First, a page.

There was a “Mess” tent which served as kitchen and “resting area” for the guides and staff. After lunch and some rest, we were led away to a grassy patch where they conducted “Jungle Gym” – an almost vertical maze of netting on which one had to climb with a rope, harness and helmet. It was admirable to see almost everyone try their hand at it. The net seems to sway around all the time which makes it tougher – a kind of Army training exercise. A big cheer would resonate when anyone made it to the top. Some free time in the evening and it turned chilly. Pitch black outside, settling into our tents and sleeping bags by the light of torches was an experience at which we only got better with time. Everyone was tired and we slept early. The two boys, Niranjan and Singhan, teaming up with Kumar, a young IT professional from Hyderabad who regaled them with stories late into the night, were the last ones to sleep.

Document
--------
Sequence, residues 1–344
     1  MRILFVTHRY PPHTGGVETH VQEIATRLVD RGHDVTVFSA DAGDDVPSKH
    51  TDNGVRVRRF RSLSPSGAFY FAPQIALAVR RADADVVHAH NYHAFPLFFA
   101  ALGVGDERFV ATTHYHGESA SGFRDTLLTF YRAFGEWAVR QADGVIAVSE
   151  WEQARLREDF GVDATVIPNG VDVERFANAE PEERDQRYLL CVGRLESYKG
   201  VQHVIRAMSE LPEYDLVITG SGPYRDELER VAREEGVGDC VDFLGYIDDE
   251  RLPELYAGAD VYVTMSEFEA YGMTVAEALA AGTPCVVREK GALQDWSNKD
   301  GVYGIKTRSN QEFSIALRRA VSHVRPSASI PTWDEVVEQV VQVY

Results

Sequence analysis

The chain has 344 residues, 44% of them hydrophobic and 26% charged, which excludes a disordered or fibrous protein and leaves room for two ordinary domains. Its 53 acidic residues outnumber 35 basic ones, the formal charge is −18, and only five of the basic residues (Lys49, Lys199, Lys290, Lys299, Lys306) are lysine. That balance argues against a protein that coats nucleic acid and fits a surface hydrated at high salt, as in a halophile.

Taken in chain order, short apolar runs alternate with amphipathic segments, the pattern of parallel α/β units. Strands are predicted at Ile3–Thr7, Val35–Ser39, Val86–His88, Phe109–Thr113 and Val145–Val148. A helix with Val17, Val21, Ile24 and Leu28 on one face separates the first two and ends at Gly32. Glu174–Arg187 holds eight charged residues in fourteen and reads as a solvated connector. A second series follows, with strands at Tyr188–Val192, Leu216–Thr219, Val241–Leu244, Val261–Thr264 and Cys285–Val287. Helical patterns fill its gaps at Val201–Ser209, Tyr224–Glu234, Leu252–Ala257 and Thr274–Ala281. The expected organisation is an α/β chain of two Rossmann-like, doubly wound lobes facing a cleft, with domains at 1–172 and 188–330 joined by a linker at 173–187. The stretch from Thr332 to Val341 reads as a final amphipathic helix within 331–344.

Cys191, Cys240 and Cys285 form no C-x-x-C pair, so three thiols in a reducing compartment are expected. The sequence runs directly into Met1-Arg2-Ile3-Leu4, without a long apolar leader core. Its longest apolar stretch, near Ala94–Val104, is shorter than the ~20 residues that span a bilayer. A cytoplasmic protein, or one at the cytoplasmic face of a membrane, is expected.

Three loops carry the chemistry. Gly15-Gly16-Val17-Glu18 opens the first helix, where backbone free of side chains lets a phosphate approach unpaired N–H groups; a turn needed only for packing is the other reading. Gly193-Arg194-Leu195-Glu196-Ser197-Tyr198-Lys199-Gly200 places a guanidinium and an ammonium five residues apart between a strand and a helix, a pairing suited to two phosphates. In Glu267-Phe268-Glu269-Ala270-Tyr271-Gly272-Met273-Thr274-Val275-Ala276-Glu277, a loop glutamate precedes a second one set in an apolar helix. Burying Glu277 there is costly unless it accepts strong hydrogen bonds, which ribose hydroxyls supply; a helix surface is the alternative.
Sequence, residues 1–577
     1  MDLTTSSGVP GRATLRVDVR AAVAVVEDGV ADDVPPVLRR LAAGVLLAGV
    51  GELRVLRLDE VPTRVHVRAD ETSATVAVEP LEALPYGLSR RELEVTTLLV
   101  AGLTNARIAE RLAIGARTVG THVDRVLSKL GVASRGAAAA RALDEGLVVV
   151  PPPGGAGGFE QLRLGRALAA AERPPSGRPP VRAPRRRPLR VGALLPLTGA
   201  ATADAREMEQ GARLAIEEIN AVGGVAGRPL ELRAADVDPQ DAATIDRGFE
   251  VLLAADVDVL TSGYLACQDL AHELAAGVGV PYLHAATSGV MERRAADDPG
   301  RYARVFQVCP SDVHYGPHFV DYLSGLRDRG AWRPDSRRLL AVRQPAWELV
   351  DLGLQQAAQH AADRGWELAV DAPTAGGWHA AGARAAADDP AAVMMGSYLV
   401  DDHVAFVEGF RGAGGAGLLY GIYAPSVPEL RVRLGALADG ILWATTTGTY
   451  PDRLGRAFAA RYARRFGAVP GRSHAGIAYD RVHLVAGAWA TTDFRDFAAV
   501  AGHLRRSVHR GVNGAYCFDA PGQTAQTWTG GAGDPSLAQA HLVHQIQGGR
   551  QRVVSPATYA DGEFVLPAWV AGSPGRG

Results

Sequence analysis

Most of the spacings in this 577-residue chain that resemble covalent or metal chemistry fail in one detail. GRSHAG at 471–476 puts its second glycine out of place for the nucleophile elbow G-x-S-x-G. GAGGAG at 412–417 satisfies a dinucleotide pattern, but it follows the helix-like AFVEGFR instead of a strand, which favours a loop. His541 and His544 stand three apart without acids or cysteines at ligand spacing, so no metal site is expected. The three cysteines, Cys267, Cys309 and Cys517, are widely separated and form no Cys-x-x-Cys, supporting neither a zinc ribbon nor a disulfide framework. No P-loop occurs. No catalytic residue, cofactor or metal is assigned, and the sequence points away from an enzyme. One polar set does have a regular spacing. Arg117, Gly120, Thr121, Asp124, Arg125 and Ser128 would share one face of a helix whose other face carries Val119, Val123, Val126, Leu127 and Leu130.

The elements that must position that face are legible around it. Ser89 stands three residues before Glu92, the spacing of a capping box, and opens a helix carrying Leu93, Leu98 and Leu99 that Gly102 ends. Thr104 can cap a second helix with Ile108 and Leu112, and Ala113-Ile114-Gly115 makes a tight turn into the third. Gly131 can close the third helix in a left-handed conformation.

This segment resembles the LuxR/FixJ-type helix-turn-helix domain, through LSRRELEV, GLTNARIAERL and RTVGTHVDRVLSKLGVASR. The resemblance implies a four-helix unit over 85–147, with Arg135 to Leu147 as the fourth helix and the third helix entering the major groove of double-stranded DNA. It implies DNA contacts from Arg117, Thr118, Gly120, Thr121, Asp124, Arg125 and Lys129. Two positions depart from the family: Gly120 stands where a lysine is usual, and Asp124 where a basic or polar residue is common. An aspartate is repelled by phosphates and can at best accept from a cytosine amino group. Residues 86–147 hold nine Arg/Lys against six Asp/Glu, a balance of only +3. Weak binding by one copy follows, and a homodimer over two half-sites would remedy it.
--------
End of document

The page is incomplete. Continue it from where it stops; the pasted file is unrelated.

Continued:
I am an early riser and as I woke up at 5 AM the next day and unzipped the front of my tent, I was greeted by a sight that took my breath away. Ahead of me was a “pink dawn” creeping up slowly behind the Pir Panjal range of snow-clad peaks. I could see almost 120 degree view and Deo Tibba and used my camera in rapid-fire mode!
Some distance away from our sleeping tents, four sets of toilets had been provided – with toilet paper and water in buckets. A work station was available for brushing teeth. The same facilities were available at every camp. Soon the place was abuzz with activity. Smita, daughter of Vasundara and the Deputy Tour Leader, had virtually taken charge of the group. She made a fine sight in her cowboy hat, dark glasses and pink shoelaces on her Quecha trekking boots! Breakfast at 7 AM, a short briefing from her, and we would depart at 8 AM.